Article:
Navy sticks with SINKEX
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September 11, 2012
Navy sticks with SINKEX

The federal government has ended one vessel sinking program and is under attack for continuing another.  Environmental groups have long criticized the sinking of vessels because of lax requirements to remove toxic substances such as polychlorinated biphenys (PCBs) from vessels before they are sunk.  The groups also argue that millions of dollars of recyclable metals are lost with the sunken ships.
Artificial reefing ended
Those arguments apparently contributed to a decision by the U.S. Maritime Administration (MARAD) to adopt a new policy that “effectively terminates” the program that allowed the scuttling of old ships for artificial reefs, reported environmentalists in August.  The change in policy was not publicly announced, but became effective May 29, 2012, reported the Basel Action Network (BAN) based on a communication from the MARAD.
MARAD’s use of vessels to form artificial reefs began in 1972.  Since then approximately 45 ships have been disposed of at sea.  The new policy excludes from artificial reefing consideration of any vessel that was built before 1985 (and likely to contain PCBs).  Currently, all 38 “nonretention” ships in MARAD’s National Defense Reserve Fleet (NDRF), which primarily comprises ex-Navy vessels, were built before 1985 and thus, will be sent to domestic recyclers.  The MARAD now owns about 125 vessels, only one of which was built after 1985.  This is the only vessel that could be considered for artificial reefing when designated for disposal, but only if it is not viable for recycling within 2 years after disposal designation, says BAN.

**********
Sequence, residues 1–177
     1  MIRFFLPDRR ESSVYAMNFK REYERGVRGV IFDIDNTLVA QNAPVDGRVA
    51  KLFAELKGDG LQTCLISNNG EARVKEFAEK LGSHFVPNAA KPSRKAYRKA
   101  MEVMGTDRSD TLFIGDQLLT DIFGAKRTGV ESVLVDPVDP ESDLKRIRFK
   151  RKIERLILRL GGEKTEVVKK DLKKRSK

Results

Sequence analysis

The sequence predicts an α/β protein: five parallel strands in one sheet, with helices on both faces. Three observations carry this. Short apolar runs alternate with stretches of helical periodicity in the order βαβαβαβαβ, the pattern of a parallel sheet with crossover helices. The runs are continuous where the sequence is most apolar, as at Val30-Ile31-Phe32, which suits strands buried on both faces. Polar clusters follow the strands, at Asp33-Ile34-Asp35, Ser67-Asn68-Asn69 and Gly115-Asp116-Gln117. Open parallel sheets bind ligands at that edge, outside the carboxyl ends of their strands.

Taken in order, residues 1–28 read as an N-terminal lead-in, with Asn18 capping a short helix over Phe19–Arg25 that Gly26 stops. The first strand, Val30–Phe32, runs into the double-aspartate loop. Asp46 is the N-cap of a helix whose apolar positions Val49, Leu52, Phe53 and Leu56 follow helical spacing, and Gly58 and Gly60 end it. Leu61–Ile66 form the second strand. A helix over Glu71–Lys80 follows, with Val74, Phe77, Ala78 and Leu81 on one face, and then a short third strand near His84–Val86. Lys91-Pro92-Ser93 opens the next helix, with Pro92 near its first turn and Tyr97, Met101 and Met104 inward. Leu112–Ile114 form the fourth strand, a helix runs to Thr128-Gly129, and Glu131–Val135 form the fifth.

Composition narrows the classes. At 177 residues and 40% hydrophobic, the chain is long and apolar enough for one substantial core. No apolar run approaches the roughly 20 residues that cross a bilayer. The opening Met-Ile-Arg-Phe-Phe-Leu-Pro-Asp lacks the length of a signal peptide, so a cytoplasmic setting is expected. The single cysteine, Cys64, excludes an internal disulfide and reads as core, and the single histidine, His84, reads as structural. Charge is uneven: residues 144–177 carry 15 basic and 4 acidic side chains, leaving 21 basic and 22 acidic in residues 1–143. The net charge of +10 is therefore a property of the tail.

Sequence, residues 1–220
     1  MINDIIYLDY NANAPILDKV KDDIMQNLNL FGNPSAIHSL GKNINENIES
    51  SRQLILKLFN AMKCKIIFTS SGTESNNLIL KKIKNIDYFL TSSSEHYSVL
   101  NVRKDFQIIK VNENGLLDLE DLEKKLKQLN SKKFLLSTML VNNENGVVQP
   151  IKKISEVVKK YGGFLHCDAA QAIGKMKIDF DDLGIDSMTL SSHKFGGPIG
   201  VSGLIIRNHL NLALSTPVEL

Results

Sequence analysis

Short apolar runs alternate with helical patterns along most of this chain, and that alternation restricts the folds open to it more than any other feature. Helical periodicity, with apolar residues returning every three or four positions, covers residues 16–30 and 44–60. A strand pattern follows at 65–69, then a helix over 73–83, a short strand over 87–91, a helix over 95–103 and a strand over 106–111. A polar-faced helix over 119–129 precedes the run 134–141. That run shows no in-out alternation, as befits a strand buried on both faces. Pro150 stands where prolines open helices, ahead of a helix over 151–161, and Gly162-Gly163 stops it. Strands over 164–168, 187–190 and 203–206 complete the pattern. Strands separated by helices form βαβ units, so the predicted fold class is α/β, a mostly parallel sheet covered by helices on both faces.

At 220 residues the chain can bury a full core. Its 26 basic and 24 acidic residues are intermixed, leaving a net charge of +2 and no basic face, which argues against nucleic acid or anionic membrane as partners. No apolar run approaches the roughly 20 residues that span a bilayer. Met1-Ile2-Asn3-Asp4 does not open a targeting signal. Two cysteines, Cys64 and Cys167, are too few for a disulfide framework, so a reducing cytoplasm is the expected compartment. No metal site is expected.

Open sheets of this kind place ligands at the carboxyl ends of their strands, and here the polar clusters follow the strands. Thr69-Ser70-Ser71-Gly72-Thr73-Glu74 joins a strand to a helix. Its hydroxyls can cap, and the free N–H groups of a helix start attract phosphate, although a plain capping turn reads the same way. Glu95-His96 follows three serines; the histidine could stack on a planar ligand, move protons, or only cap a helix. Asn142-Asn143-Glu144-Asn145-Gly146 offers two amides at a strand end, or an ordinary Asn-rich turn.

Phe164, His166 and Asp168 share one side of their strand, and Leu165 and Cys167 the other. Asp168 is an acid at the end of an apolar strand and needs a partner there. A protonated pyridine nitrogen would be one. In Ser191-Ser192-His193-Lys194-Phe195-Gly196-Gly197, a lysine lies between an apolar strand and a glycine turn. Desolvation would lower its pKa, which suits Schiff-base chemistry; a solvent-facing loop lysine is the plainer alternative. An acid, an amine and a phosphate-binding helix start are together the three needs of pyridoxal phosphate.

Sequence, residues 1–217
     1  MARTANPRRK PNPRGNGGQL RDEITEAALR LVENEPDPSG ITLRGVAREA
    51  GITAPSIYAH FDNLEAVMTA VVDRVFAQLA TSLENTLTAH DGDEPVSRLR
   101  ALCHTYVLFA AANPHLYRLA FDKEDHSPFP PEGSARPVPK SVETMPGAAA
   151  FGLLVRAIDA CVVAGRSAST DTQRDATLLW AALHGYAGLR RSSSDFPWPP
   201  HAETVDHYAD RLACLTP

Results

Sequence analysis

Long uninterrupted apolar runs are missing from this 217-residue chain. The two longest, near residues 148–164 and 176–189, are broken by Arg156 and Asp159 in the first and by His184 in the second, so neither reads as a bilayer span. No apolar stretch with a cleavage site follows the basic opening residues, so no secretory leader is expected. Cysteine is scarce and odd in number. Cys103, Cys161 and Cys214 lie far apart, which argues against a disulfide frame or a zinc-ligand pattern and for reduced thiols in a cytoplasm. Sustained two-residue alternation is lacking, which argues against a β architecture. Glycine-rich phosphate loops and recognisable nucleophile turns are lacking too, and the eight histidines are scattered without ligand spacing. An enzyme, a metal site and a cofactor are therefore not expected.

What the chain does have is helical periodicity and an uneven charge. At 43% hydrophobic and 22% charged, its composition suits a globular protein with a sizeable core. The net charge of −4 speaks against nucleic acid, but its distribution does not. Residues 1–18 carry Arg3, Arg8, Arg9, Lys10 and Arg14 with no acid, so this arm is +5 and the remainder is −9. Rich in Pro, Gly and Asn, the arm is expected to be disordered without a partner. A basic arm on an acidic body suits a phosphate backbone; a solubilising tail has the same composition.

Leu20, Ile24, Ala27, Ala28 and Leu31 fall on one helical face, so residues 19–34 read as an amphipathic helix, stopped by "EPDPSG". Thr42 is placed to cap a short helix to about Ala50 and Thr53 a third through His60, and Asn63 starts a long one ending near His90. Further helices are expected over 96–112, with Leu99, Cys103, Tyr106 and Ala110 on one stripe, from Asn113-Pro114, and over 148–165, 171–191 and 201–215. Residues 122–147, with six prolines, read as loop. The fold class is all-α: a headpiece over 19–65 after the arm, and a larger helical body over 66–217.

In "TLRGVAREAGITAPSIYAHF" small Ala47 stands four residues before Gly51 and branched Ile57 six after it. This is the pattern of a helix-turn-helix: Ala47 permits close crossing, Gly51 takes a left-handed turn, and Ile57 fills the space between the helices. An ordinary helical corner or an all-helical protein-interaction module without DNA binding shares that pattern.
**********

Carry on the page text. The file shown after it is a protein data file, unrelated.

Sinking near Hawaii
The situation is different for vessels the Navy uses for target practice, which are then allowed to sink.  The sinking exercise (SINKEX) program attracted renewed attention this summer when the Navy sunk three vessels off Hawaii.  This was the first time since 2010 that the Navy announced it had resumed SINKEX.  Sinking of a fourth vessel is planned for later this year, according to Earthjustice. 
In July 2011, Earthjustice represented environmentalists in a suit that claimed that the EPA failed to adequately regulate the ocean dumping of PCBs in SINKEX vessels.  On September 7, 2012, Earthjustice was joined by BAN, the Sierra Club, and the Center for Biological Diversity in filing a supplement to the earlier suit with the U.S. District Court of Northern California.  The supplement cites new data from a Florida study that claimed to find that PCBs are leaching from a sunken SINKEX vessel into the marine food chain.
The lawsuit asserts that SINKEX operations violate the Toxic Substances Control Act (TSCA).  Furthermore, the groups claim, the EPA must initiate rules to regulate the marine disposal of PCBs during ship sinking exercises to protect human health and the environment against an unreasonable risk of injury.

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